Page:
• Replace 2,431 linear feet of existing concrete sheet pile seawall by driving with a vibratory hammer UC-50 Composite Sheet Piles a maximum of 18 inches waterward of the existing seawall.

Upland Cut Boat Basin Widening

  • Construction of 318 linear feet of seawall upland of the MHWL by driving with a vibratory hammer UC-50 Composite Sheet Piles
  • Excavation of 12,804 square feet (4,587 cubic yards) of upland area and demolition of 297 linear feet of existing seawall to widen the existing upland cut boat basin.

North Marina Basin Reconfiguration

  • Remove 398 linear feet of existing seawall and construct 380 linear feet of new reconfigured seawall in the same vicinity as the removed seawall at the north end of the project site by driving with a vibratory hammer UC-50 Composite Sheet Piles.
  • Backfill landward of the north marina basin replacement and reconfigured seawalls with 5,142 square feet (1,030 cubic yards in uplands and 324 cubic yards below the Mean High Water (MHW) Line to level out grade and provide access for the commercial dry storage marina and restaurant facilities.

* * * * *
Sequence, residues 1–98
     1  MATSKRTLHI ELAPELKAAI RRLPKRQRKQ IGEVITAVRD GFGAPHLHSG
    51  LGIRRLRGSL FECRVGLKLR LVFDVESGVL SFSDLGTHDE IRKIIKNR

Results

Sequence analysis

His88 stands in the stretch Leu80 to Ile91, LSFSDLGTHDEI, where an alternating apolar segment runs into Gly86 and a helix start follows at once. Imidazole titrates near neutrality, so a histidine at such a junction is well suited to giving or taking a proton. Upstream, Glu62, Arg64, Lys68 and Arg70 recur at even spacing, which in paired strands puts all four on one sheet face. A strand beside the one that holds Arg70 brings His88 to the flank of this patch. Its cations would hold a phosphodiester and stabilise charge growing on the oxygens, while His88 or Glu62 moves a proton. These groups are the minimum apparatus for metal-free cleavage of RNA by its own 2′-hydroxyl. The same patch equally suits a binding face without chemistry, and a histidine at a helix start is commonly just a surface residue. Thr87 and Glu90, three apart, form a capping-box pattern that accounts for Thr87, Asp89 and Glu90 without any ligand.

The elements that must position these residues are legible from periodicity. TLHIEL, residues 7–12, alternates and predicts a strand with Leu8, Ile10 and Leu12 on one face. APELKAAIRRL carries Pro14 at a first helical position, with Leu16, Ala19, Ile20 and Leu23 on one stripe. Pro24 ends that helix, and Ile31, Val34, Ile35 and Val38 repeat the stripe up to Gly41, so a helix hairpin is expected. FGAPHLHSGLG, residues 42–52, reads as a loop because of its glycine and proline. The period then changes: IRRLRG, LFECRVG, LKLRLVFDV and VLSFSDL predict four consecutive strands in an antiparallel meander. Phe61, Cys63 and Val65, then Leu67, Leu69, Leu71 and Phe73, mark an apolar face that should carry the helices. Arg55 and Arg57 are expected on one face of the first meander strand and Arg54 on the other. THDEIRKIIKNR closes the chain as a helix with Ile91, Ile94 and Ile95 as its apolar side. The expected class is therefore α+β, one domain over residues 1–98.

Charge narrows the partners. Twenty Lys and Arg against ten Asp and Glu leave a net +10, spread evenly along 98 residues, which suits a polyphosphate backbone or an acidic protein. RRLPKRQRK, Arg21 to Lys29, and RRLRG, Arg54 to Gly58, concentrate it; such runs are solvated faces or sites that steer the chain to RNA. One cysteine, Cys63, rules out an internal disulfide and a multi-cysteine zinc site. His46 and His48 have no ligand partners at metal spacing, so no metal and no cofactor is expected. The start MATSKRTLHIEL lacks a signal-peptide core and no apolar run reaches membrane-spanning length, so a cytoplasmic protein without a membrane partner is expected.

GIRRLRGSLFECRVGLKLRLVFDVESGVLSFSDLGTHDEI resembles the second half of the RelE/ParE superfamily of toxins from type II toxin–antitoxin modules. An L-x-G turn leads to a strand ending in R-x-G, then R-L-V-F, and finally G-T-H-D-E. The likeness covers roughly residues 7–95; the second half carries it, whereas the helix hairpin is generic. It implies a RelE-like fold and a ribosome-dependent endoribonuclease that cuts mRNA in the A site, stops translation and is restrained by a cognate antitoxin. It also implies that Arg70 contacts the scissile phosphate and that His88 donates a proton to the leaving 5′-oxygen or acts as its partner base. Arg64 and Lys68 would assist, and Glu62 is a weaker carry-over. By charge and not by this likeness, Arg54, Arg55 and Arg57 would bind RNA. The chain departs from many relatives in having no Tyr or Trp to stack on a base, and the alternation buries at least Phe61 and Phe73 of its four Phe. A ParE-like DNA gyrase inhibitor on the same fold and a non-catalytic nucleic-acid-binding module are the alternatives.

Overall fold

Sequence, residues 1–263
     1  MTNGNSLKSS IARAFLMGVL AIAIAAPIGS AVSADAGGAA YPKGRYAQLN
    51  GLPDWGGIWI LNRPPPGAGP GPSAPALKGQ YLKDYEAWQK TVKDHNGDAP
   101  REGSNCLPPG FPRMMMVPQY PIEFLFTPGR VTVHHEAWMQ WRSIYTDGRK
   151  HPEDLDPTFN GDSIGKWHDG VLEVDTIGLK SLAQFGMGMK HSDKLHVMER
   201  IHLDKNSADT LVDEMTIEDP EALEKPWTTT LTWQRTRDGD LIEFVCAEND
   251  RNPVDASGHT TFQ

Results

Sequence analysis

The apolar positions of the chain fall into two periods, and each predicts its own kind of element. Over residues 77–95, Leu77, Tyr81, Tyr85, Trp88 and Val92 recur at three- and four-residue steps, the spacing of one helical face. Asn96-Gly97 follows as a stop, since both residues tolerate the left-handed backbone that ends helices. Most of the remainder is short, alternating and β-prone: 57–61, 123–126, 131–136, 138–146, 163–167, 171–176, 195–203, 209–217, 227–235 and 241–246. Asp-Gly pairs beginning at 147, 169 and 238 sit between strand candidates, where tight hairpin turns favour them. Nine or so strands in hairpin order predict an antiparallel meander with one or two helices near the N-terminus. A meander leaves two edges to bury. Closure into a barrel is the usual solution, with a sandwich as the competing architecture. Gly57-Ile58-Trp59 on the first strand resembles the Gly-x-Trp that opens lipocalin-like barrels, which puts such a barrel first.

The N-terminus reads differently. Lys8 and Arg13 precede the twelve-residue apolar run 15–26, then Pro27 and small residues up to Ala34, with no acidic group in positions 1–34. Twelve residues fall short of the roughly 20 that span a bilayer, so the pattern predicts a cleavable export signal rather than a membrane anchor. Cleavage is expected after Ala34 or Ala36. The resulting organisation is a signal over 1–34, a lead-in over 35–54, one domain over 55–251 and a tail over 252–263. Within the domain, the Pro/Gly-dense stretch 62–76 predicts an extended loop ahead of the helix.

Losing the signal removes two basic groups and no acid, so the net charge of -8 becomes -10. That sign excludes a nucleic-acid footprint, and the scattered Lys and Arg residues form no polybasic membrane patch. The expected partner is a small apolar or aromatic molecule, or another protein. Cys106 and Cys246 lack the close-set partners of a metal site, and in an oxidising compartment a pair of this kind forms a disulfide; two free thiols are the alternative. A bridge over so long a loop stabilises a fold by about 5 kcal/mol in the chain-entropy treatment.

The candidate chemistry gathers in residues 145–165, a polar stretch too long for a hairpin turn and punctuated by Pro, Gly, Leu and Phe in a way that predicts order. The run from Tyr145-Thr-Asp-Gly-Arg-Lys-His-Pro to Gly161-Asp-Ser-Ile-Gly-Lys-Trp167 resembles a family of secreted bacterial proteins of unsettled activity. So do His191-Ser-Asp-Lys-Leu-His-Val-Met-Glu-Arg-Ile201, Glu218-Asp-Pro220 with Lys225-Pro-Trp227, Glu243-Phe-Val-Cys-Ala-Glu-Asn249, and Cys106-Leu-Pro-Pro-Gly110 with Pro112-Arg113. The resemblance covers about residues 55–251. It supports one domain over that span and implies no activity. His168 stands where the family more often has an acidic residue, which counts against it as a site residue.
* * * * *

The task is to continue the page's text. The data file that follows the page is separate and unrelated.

The in-water outfalls, seawall and basin reconfiguration project components will take approximately 25 weeks to construct.


  • Maintenance dredging 97,468 square feet (7,975 cubic yards) of submerged lands to -5.0 feet Mean Low Water (MLW). An additional 1,130 cubic yards of new dredging is proposed below this previously authorized depth.

The proposed dredging will take approximately 8 weeks to construct.

Docking Facilities

  • Construction of two (2) fixed timber residential dock structures (a total of 5,362 square feet) with 222 12-inch-diameter timber support piles (completely wrapped in sleeves of impermeable PVC, plastic or similar material, from at least one foot below the mud line to at least one foot above the MHW line) for a total of 35 residential wet slips;